b. We suggested the inclusion of regulations in the law to govern provision of counseling and rehabilitation to persons experiencing homosexual temptations. The churches are willing to provide the necessary help for those seeking counseling and rehabilitation.

c. Even with the provision for counseling and rehabilitation in the law, homosexuality should remain a punishable offense to control its spread.

These amendments sound very much like the suggestions of Scott Lively who spoke to the Ugandan Parliament in March of this year. According to a post on his website, Lively suggested these points at that time.

My trip was quite successful, encompassing multiple seminars, sermons, media appearances and private meetings with key leaders, all packed into a single week. My hosts were very pleased. But the high point of the week was my address to members of the Ugandan Parliament in their National Assembly Hall. In it I urged the government to shift the emphasis of its criminal law against homosexuality from punishment to rehabilitation by providing the option of therapy, similar to the option I once chose after being arrested for drunken driving many years ago (in my wild pre-Christian days). Such a change would represent a considerable liberalization of its policies (currently a holdover from Colonial British common law, similar to US policy until the 1950s), while preserving sufficient legal deterrent to prevent the international “gay” juggernaut from homosexualizing the society as it has done in Europe and other countries. I thought it was an inspired compromise.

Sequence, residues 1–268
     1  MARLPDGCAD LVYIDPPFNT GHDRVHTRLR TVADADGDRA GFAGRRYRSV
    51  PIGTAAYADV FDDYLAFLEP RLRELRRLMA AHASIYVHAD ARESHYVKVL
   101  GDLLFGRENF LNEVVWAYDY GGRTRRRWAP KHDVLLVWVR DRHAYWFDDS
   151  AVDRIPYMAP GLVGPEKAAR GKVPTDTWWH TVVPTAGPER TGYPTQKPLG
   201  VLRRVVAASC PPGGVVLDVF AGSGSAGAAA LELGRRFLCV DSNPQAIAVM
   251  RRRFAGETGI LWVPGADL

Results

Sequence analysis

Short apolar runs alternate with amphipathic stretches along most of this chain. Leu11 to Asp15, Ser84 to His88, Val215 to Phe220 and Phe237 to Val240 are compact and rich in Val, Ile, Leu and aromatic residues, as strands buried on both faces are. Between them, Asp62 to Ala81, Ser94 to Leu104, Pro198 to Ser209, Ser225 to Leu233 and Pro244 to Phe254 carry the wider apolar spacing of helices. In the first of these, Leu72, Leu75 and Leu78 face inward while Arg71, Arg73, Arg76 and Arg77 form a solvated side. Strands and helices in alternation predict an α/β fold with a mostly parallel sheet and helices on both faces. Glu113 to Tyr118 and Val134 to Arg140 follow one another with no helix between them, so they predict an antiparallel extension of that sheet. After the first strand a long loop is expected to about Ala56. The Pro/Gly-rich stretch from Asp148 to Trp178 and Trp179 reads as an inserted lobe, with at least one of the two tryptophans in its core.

Lively’s “inspired compromise” seems to have inspired the Ugandan pastors’ coalition. Lively elaborated a bit in a recent posting: